Oracle Outlines How It Will Meld Sun into Its Culture

 
 
By Chris Preimesberger  |  Posted 2010-01-27 Email Print this article Print
 
 
 
 
 
 
 

Oracle executives, including President Charles Phillips, EVP of Hardware Engineering John Fowler and EVP of Product Development Thomas Kurian, addressed a standing-room-only audience at Oracle's on-campus auditorium here on the western shore of the San Francisco Bay.

REDWOOD CITY, Calif. -- Oracle, which earlier in the day closed its $7.4 billion acquisition of Sun Microsystems following nine months of thorny legal exercises, Jan. 27 explained to the media how it is morphing the creator of Java, Solaris and the Zettabyte File System and its 27,600 employees into its own database-driven world.

Oracle executives, including President Charles Phillips, EVP of Hardware Engineering John Fowler, EVP of Product Development Thomas Kurian, and Chief Financial Officer Jeff Epstein, addressed a standing-room-only audience at Oracle's on-campus auditorium here on the western shore of the San Francisco Bay.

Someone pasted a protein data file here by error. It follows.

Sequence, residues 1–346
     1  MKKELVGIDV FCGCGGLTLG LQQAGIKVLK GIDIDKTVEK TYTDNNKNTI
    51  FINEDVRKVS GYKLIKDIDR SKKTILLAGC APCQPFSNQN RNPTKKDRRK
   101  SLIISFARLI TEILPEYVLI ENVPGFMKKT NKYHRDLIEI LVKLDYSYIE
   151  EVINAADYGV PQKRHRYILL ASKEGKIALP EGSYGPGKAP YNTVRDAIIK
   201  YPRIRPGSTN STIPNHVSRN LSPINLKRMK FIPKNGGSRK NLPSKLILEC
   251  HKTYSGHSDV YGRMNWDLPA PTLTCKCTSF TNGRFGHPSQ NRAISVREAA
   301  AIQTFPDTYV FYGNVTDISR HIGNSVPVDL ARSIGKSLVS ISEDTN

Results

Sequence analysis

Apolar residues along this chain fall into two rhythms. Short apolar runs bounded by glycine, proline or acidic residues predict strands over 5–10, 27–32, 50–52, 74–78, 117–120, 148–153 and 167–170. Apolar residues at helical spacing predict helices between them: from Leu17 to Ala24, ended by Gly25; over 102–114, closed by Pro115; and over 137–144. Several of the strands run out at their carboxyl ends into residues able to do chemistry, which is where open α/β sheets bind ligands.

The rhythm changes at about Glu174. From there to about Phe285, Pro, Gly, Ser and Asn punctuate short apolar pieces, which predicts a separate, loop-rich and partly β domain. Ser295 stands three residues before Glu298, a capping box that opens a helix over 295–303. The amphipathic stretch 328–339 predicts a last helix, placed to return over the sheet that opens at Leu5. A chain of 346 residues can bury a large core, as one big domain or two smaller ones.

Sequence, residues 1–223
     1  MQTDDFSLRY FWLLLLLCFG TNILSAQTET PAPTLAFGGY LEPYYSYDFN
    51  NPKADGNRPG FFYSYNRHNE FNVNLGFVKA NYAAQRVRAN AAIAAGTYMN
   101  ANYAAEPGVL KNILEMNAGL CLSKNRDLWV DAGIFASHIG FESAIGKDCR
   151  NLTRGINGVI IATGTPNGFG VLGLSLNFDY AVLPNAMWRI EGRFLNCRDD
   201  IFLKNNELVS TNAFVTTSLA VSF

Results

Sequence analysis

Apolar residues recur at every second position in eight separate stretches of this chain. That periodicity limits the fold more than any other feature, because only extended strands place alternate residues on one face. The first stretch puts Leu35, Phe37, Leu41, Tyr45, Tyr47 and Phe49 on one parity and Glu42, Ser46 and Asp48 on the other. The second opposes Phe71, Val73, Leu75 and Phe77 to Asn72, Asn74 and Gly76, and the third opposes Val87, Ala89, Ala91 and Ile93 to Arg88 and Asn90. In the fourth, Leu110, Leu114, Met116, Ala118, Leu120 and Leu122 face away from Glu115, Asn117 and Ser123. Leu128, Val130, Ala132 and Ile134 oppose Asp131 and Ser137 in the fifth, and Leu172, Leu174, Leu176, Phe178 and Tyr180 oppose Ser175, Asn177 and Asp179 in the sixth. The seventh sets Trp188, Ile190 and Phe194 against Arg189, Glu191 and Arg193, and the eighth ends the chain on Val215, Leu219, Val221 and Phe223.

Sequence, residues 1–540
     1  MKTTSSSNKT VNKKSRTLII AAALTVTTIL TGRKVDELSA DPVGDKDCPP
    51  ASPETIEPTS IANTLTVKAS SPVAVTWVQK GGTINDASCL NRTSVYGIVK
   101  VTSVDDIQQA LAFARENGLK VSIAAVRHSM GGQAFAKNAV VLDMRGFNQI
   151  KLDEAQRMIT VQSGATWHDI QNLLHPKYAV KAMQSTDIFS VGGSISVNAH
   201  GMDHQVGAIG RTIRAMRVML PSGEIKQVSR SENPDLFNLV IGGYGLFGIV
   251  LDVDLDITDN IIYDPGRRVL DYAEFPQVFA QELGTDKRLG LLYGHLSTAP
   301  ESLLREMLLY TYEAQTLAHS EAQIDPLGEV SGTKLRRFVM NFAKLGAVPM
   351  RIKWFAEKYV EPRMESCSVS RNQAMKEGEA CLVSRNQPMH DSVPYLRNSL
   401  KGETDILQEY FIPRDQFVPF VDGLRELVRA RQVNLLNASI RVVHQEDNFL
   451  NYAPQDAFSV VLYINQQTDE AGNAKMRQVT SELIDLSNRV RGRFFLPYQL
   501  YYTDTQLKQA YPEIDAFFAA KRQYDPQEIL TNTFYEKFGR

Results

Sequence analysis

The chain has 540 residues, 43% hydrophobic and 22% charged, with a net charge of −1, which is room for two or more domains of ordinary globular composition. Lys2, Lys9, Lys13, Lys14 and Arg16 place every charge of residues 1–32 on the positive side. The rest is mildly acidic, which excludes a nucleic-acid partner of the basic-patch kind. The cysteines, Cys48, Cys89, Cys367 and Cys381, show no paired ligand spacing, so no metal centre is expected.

The press and media presentation was to last a full five hours. Oracle seemed to have no problem whatsoever filling up the time slot.

Because Oracle is now one of the world's elite full-service information technology providers -- the most prominent others being IBM and Hewlett-Packard -- topics at the nearly daylong press event ran the gamut of IT: from SOA to storage, from chips to content management, and from portals to patch management.

Phillips, who made a different kind of news during the past several days through the public revelation that he had an extramarital affair for eight years, was the designated welcomer for media and analysts.

To his credit, he immediately diffused the issue about his embarrassing -- and well-publicized -- personal peccadillo by simply saying: "Welcome. Hopefully you all had a smoother week than I did."

There was a lot of new information -- if not pure news -- for enterprise IT people brought to the stage by Fowler, Kurian, and Chief Corporate Architect Edward Screven.